Sometimes I wonder about how we, as a society, place a value on the
jobs that people do. In general, the more intellectual a job is,
the more it seems to pay. There are glaring exceptions, of course.
Professional footballers are paid an astronomical amount for their
rare physical talents. And electricians and plumbers seem to cost a
fortune, because their talents and skills are in increasingly short
supply and high demand.
Caring professions are both low-status and poorly paid by
comparison. The nursing profession seems to have added to its value
by moving from a vocation which involved practical, sensitive and
expert care of ill people to a highly academic discipline. Nursing
is now a degree-level qualification, and training involves a small
fraction of the patient contact and care of 20 or more years ago.
Higher status, and higher levels of pay, perhaps, but in my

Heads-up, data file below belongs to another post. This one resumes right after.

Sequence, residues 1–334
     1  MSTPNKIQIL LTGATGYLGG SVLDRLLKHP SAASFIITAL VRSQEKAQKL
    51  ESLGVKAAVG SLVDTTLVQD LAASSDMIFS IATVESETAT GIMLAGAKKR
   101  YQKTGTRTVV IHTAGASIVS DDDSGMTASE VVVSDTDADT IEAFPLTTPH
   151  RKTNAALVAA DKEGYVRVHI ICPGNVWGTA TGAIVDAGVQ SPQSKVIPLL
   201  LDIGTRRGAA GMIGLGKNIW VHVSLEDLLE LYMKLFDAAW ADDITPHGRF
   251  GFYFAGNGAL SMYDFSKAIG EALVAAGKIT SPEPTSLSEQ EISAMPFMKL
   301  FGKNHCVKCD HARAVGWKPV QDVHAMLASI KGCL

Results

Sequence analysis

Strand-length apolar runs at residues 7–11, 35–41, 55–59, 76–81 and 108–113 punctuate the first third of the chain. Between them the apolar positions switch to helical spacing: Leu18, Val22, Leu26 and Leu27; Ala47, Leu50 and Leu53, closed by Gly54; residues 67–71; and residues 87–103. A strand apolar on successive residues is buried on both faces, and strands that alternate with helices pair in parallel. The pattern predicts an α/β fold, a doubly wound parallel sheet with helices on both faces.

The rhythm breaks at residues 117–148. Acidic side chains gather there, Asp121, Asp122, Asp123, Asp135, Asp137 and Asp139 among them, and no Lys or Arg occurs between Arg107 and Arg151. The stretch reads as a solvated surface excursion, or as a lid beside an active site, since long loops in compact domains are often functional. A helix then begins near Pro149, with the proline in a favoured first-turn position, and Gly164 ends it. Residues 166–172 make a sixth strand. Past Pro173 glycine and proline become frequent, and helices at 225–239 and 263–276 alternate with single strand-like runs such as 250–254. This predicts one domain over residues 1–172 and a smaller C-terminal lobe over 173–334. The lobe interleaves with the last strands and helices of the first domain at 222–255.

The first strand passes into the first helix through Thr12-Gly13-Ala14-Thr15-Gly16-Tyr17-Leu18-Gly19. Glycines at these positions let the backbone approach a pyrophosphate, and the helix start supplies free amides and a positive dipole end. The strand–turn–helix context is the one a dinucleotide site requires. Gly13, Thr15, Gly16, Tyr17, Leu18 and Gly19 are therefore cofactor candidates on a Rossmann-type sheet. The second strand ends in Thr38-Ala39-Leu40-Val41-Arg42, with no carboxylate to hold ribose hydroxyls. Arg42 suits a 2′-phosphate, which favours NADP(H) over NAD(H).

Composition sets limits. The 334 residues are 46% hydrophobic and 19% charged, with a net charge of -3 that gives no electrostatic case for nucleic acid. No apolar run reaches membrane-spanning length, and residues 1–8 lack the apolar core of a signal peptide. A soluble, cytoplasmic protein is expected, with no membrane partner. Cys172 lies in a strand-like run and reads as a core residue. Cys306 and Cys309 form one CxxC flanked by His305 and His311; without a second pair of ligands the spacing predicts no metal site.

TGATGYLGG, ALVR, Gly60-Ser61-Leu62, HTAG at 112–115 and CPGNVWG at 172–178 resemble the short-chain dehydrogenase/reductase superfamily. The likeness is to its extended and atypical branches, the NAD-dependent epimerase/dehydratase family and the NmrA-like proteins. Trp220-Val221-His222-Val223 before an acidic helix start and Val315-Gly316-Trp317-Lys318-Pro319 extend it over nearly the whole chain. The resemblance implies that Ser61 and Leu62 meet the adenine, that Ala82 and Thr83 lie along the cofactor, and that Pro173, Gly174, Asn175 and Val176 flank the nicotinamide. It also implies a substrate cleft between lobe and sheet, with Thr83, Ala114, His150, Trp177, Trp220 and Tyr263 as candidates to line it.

experience, it has also meant a loss of sensitivity to the
day-to-day physical and emotional needs of patients.
This change contributes to keeping low the pay and status of the
people who do the day-to-day caring, and who are still, in the
main, unqualified. If asked, most people would say that carers do a
valuable job, which few would choose to do themselves.
Cleaning up other people’s mess, giving intimate personal care and
tending to sick and dying people, or those with challenging
behaviour, and doing it with empathy and compassion is often
performed by truly gifted people. Yet their work only seems to be
worth the minimum wage. Informal carers earn even less – for caring
for their relatives, they get a pittance.
We live in an ageing society, and people with chronic illnesses
live longer. We will need more carers. Budgeting for care is
becoming more stringent, and so wages are kept low.
When are we, as a society, going to recognise that caring is a
vocation that not only needs to be recognised, but also properly
rewarded? If people are so put off coming into this work by the
poor pay, how will we ever find out if they have the gift of